Although the in perpetuity is a serious encumbrance, I really can’t imagine a scenario where we would need to sell the pier property. That said, it seems like a poorly thought-out policy shift. After the last brouhaha over purchasing the pier property it would seem prudent that the Board asks for public input, so it gets a better feel for what the community wants.

Mayor Pro Tem Smith keeps saying that the majority of the island residents support the pier property purchase. He then doubled down by saying only a small group objected and attempted to stir things up. HBPOA did two surveys, the first one had 768 responses with 538 residents or 70% against and the second one had 969 responses with 579 residents or 60% against. With all due respect, most property owners did not support the pier purchase, that’s just balderdash. It’s hard to imagine based on those two surveys that he thinks the majority of the island property owners supported the pier purchase, bless his heart. At best you might be able to make a case that the community was split but even that would be a dubious claim. Rick previously said that the petition originated by Keith Smith validates the position of the Board on the pier purchase. The petition is poppycock! This is a Change.org petition, in other words, anyone in the world can sign the petition.  Let me get this straight; he pooh-poohed the HBPOA property owners survey but an off-island petition with similar numbers validates their position. Are.. You.. Kidding.. Me?! Despite the public’s lack of support, this Board decided to move forward with the pier properties purchase anyway. I believe that they are trying to do the right thing and I applaud their altruistic approach, that is to do the greatest good for the greatest number. They were elected to office to make decisions for their constituents, and they get to vote as they see fit, that’s their prerogative. We are where we are, so be it. The point is that most of the residents did not support the pier purchase, so “Don’t pee on my leg and tell me it’s raining”!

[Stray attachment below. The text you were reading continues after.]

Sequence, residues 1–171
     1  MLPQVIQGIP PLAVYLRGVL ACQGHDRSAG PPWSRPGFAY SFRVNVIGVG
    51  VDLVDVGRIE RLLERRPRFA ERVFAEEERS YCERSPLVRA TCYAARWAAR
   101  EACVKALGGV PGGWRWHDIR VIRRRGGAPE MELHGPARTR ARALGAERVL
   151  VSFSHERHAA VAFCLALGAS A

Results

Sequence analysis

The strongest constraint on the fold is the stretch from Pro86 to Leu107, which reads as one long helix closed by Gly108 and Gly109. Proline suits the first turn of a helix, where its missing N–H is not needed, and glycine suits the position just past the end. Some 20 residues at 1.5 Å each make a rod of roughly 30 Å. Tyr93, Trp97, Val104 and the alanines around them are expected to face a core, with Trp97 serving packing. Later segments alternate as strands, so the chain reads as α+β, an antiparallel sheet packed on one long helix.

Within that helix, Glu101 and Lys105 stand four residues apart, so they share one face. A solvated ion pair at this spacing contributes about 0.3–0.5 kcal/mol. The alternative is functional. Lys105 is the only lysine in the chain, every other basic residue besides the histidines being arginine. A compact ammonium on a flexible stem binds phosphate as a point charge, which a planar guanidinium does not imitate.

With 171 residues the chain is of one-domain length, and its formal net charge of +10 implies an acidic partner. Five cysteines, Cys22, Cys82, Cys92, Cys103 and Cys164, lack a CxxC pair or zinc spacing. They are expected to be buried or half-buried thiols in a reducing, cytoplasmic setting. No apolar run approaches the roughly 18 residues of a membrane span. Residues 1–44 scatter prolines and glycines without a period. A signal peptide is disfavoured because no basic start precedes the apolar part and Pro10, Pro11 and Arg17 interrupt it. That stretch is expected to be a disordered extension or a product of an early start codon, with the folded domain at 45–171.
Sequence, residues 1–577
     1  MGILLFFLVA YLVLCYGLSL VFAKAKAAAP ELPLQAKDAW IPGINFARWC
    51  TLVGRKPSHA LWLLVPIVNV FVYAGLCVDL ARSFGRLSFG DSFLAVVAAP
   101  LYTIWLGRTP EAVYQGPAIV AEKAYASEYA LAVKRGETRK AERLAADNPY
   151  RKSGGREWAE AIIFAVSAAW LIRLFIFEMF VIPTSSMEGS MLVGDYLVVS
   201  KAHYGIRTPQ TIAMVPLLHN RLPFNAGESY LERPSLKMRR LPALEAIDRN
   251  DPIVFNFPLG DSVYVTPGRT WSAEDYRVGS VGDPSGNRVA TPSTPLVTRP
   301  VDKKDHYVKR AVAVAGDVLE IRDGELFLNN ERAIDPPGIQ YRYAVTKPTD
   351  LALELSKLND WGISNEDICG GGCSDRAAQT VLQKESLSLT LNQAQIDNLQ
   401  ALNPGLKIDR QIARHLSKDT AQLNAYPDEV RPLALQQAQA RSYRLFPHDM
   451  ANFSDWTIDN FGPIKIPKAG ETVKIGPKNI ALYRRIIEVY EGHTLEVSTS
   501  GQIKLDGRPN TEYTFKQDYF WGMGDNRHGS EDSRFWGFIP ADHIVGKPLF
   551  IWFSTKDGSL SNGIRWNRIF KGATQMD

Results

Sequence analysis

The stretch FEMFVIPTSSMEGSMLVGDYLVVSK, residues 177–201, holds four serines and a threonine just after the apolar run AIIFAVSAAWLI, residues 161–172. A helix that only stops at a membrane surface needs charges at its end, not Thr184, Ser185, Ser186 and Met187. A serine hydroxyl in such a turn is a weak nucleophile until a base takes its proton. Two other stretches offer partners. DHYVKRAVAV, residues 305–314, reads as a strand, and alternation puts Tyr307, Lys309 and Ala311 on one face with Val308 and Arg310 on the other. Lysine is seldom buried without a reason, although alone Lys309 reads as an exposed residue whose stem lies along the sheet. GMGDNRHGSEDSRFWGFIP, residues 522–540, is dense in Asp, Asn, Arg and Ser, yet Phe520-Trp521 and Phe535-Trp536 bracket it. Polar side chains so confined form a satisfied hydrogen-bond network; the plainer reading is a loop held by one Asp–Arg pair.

Sheesh!!!      


BOC’s Regular Meeting 05/17/22

Board of Commissioners’ Agenda Packet click here

Audio Recording » click here


1. Police Report – Chief Jeremy Dixon

Agenda Packet – pages 19 -21

Police Patch
It’s the beginning of the busy season on Holden Beach
Memorial Day is the official kickoff for the 100 fun days of summer
Briefly reviewed applicable seasonal ordinances

 

The police department currently has only eight (8) officers of the ten (10) they are budgeted to have

They will implement the no left turn coming off the bridge on Saturdays from 9am to 3pm

Reminded everyone its Hurricane Season – be prepared, have a plan!

National Peace Officers Memorial Week is this week


Golf carts are treated the same as any other automotive vehicle.

In the State of North Carolina, if a golf cart is to be operated on the streets, highways, or public vehicular areas, it is considered a motor vehicle and subject to all laws, rules and regulations that govern motor vehicles. In short, the golf cart must have all of the following:

 

        • The driver MUST have a current, valid Driver’s License
        • Child Restraint Laws must be followed
        • Headlights
        • Tail lights
        • Turn signals
        • Rear view mirrors
        • State Inspection Sticker